A desire for freedom was once again reiterated by almost 85% eligible voters during the referendum held on 9th February 1991 on the question “Are you in favour of the Lithuanian State being an Independent Democratic Republic?”
Current circumstances show that the people of Lithuania have not forgotten how to unite. And while Lithuanian people don’t take to their balconies and windows to uplift self-isolation amid quarantine as Greeks, Spaniards or Italians do, kindness and the need to unite have been manifested with all strength again. A number of communal coronavirus response initiatives, projects and funds have sprung up to compliment the measures taken by the Government to combat the pandemic.
The coronavirus pandemic also tests the strength of the European Union, which Lithuania has sought to join since almost the first day of its return to the world map and which was achieved 16 years ago. After regaining independence, membership in the EU (and NATO) was the best that could have happened to Lithuania in the last three decades.
“I hope very much that once the pandemic is over and the political, economic and social challenges are met, we will all come out stronger and, above all, cooperation at European level, as well as globally, will become more robust. Because to address global crises such as the coronavirus pandemic or climate change, but also those related to human rights and freedoms, we require a common response.”
Thanks to the values promoted by the EU, its transformative impact and certainty about the future that membership in the EU gives, Lithuania has achieved impressive results, become a valuable member of the international community and a country fighting for other former captive nations to choose freedom.
Lithuania therefore has a strong interest in the EU’s longevity, strength and benefits of its founding pillars. This attitude is prevalent in the country: according to Eurobarometer, the people of Lithuania are among the strongest supporters of the EU. Accordingly, Lithuania’s positions on the EU agenda are always assessed through the prism of European solidarity.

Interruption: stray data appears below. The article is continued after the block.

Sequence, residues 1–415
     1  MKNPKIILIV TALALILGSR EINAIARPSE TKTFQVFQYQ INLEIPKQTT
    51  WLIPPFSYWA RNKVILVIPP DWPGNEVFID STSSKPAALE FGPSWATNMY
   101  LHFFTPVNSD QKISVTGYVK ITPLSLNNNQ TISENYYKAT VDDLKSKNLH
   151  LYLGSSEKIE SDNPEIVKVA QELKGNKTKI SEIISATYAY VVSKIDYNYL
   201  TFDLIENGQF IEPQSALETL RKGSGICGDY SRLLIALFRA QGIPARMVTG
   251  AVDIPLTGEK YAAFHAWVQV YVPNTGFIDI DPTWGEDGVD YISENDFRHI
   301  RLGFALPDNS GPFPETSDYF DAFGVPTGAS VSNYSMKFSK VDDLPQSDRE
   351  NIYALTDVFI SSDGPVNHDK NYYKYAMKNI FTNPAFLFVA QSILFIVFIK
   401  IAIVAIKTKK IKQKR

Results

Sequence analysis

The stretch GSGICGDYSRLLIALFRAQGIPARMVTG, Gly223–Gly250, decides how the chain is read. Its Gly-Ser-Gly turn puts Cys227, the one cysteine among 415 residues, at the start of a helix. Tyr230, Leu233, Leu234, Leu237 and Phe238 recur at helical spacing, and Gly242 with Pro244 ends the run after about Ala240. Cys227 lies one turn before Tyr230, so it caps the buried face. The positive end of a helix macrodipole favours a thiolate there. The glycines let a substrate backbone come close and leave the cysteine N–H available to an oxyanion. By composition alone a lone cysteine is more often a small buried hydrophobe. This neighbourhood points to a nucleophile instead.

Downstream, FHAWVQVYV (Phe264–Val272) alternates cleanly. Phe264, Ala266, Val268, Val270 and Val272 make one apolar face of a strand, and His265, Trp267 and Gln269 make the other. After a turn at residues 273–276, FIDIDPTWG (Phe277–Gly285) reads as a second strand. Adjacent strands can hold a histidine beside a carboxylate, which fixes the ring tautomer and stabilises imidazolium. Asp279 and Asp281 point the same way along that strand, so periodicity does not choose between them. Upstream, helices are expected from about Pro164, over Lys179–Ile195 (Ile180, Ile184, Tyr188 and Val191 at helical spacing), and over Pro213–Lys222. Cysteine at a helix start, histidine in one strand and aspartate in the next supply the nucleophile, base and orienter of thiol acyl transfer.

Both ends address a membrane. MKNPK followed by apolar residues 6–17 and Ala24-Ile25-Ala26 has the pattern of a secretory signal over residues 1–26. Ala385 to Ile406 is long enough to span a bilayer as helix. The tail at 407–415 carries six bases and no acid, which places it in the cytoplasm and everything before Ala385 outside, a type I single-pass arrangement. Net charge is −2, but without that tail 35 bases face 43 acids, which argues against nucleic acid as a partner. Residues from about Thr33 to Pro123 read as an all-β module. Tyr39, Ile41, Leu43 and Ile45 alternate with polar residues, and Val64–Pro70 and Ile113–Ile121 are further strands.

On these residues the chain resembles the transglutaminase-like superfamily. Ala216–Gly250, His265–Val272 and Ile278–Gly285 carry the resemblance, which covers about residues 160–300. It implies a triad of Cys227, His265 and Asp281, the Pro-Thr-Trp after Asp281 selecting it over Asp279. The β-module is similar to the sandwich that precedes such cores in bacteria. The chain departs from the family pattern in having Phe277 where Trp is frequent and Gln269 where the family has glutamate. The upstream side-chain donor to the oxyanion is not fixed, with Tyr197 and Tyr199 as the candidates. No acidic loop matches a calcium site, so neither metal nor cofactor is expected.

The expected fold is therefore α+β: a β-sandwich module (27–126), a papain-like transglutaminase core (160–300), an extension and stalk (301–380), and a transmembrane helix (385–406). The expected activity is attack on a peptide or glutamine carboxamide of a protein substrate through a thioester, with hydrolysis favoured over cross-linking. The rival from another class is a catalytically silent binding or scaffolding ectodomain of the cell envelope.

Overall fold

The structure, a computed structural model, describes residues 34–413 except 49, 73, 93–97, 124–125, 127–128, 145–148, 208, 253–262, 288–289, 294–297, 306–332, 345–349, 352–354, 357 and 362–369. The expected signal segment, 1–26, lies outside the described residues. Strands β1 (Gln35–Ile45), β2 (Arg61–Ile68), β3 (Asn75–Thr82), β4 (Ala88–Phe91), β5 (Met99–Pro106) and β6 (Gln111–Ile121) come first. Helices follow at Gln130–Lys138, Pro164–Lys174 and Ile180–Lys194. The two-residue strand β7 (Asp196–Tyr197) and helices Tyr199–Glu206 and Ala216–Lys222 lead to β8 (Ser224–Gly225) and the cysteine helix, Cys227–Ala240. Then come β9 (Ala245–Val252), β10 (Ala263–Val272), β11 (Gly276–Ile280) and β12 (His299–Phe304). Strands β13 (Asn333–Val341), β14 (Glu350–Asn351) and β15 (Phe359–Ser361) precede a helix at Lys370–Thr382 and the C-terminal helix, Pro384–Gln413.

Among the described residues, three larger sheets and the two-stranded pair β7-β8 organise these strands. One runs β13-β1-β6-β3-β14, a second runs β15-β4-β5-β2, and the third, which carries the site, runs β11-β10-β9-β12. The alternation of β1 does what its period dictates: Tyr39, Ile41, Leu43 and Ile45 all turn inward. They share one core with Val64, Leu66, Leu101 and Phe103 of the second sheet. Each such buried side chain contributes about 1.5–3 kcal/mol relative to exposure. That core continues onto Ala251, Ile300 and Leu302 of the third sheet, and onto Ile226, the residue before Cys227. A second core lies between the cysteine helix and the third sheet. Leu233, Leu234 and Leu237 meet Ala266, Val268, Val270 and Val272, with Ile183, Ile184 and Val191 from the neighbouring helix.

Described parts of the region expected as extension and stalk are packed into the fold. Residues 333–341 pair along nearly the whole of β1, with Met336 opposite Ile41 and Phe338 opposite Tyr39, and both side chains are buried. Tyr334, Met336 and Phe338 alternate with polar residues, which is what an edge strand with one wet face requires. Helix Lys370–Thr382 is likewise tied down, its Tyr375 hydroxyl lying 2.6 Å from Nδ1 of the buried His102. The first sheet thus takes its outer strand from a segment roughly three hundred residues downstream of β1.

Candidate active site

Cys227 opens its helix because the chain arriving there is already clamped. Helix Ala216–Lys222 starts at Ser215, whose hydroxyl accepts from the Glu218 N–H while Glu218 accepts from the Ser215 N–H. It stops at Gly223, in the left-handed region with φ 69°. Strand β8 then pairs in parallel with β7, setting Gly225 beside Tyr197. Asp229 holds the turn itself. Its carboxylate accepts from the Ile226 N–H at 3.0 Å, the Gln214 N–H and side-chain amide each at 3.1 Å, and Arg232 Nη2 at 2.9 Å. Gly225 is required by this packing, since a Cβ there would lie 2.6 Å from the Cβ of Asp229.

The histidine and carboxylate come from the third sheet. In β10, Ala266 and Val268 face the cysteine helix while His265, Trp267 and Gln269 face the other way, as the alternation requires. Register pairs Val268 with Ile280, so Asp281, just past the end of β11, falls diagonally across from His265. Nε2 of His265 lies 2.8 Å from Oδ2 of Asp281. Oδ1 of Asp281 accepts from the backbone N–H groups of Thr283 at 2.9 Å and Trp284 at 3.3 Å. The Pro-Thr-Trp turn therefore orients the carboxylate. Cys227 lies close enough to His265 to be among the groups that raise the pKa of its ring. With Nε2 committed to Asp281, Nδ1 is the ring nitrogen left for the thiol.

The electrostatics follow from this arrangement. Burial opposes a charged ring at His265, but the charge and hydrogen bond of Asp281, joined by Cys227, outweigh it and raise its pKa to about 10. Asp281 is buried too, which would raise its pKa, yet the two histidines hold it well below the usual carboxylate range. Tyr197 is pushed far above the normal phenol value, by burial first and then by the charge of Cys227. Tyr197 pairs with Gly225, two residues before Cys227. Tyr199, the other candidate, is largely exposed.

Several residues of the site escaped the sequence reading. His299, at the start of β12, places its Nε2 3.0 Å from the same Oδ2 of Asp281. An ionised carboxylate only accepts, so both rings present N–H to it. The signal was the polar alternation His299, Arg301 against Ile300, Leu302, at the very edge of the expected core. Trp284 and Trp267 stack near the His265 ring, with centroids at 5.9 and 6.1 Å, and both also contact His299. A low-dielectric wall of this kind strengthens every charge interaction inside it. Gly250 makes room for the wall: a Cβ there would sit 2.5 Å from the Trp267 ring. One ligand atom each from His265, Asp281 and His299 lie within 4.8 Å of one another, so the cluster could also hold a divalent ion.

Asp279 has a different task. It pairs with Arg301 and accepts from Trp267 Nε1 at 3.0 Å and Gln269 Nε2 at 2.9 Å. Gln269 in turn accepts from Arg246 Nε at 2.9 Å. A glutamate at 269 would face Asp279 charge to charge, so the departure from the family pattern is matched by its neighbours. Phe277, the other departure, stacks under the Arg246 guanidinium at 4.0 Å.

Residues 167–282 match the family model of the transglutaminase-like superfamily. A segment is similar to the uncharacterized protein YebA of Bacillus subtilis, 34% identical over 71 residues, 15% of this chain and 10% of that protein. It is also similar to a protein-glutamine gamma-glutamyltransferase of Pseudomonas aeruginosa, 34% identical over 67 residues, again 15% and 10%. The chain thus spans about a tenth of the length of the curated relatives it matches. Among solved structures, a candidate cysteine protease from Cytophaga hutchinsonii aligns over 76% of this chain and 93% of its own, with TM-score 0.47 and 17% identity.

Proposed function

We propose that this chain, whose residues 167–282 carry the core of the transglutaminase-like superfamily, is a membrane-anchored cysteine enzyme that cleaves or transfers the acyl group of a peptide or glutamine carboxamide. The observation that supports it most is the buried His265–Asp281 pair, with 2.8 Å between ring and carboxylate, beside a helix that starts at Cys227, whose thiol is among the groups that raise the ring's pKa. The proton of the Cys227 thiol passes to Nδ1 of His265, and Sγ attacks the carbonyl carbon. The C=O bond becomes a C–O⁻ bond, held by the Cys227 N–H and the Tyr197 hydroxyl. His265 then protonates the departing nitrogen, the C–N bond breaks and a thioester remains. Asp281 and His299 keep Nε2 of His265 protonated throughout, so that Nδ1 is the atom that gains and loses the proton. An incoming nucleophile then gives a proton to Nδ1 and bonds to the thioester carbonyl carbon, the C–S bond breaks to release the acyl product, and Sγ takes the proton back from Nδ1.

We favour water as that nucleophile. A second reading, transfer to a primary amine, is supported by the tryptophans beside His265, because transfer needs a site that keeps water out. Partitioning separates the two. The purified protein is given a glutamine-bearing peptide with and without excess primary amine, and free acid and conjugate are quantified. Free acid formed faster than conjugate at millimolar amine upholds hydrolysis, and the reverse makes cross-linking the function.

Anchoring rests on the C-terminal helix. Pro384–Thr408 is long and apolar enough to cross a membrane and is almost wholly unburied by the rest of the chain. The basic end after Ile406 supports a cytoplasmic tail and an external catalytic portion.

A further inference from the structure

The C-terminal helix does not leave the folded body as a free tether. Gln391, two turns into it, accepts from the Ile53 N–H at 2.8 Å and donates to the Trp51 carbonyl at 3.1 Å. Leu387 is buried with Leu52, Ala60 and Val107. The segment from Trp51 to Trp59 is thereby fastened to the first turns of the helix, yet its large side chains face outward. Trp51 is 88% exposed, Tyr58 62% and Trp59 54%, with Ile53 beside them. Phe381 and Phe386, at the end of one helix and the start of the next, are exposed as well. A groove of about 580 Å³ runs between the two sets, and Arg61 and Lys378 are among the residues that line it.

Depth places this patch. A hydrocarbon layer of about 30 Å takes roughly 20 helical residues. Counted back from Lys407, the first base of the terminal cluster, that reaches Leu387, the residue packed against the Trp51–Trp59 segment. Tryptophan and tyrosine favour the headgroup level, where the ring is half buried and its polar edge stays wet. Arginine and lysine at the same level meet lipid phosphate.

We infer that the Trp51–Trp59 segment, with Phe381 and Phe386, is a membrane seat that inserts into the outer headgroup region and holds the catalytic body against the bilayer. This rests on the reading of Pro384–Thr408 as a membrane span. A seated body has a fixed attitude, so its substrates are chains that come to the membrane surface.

Therefore, during this period, as we all struggle for our future, my wish is that we would do this not at the expense of the unity and freedoms of the EU, but by searching for common solutions. We are stronger and more capable together than we are alone.
Finally, the coronavirus pandemic tests the strength of bilateral relations, peoples’ friendship and partnership, and mutual empathy, both between neighbouring or regional countries and between more geographically remote nations such as Lithuania and Greece.
The arrival of Lithuanian assistance in Athens, under the EU civil protection mechanism, through the coronavirus stricken Europe to help Greece deal with migratory flows and protect the EU external borders, is a good illustration that the saying “a friend in need is a friend indeed” has become relevant as never before.
As has the expression “What does not kill us, makes us stronger”. I hope very much that once the pandemic is over and the political, economic and social challenges are met, we will all come out stronger and, above all, cooperation at European level, as well as globally, will become more robust. Because to address global crises such as the coronavirus pandemic or climate change, but also those related to human rights and freedoms, we require a common response. For the sake of humanity; for the sake of freedom; for the sake of the future of democracy – without them, there will be no future for Lithuania as well.